My car for this trip is, as one would expect, a 1964 Alfa Romeo Giulia Sprint GT. I’ve been told that a Land Rover would be better suited to the job. But I don’t have a Land Rover, I have an old Alfa, so there.
A year ago I thought I ought to buy a car to take the pressure off my well-worn 2000 GTV, which I use for the 60-mile round trip to varsity everyday. So I bought another old Alfa in a million-billion pieces which I promptly spread across my parents’ garage. Job done.
I sent the body-shell away to be fixed up and painted, and while it was in the panel shop I decided that I wanted to drive it across the world, you know, as one does. I planned a roll-cage, and some seam-welding and a roof-rack and it really just got to be a “who’s got the biggest winch” sort of thing. The car was going to be more Land Rover than Alfa. And If you’re going to modify a car for a job, why don’t you just buy a car that was built for the job in the first place?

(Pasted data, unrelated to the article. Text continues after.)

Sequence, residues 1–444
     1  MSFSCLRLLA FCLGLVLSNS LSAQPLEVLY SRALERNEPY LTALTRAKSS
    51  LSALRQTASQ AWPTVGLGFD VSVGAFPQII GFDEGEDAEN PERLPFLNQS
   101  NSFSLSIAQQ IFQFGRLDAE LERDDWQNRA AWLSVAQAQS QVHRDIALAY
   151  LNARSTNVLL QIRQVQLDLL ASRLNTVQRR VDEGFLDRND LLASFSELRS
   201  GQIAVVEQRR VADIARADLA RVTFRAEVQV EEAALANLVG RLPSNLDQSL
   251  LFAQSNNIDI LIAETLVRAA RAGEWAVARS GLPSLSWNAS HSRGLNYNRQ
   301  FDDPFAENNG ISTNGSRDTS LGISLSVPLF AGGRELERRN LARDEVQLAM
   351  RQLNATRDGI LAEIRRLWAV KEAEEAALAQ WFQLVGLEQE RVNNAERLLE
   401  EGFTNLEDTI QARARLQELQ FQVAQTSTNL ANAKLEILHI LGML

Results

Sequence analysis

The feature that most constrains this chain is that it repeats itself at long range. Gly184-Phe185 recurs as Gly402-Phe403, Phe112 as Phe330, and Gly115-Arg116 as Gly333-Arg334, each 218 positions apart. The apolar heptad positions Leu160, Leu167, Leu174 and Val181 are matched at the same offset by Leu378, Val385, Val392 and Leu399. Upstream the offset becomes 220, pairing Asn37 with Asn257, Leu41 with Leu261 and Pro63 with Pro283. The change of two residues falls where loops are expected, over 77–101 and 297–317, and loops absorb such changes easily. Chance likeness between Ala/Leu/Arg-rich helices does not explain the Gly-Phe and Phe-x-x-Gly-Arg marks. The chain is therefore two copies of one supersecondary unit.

I figured that there was something rather special about driving across the world in a beautiful old GT car, and I just had to take the hardships of that as they came. I don’t want to cheat by swapping the engine, or fitting more modern brakes. When I get to the other side, I can say I did right by the car, that I learned to use the tools I already had, and I think that makes this trip extra brilliant.
And the chaps who really know the most about Alfas from the 60s are the chaps who worked at Alfa in the 60s. So I decided to leave their car as they designed it, stock-standard.. And it should be fantastic that way.
There is a certain camp of car-folk who say that Alfas just break down all the time. Eight times out of 10 they’re the sort of people who drive their cars about with no oil in the engine, no coolant in the radiator and think the shade of a tree in their garden is a good garage. The other two have never owned an Alfa. I should be just fine. And besides; Alfa drivers know how to make a plan:
You can read about the build in excruciating detail here.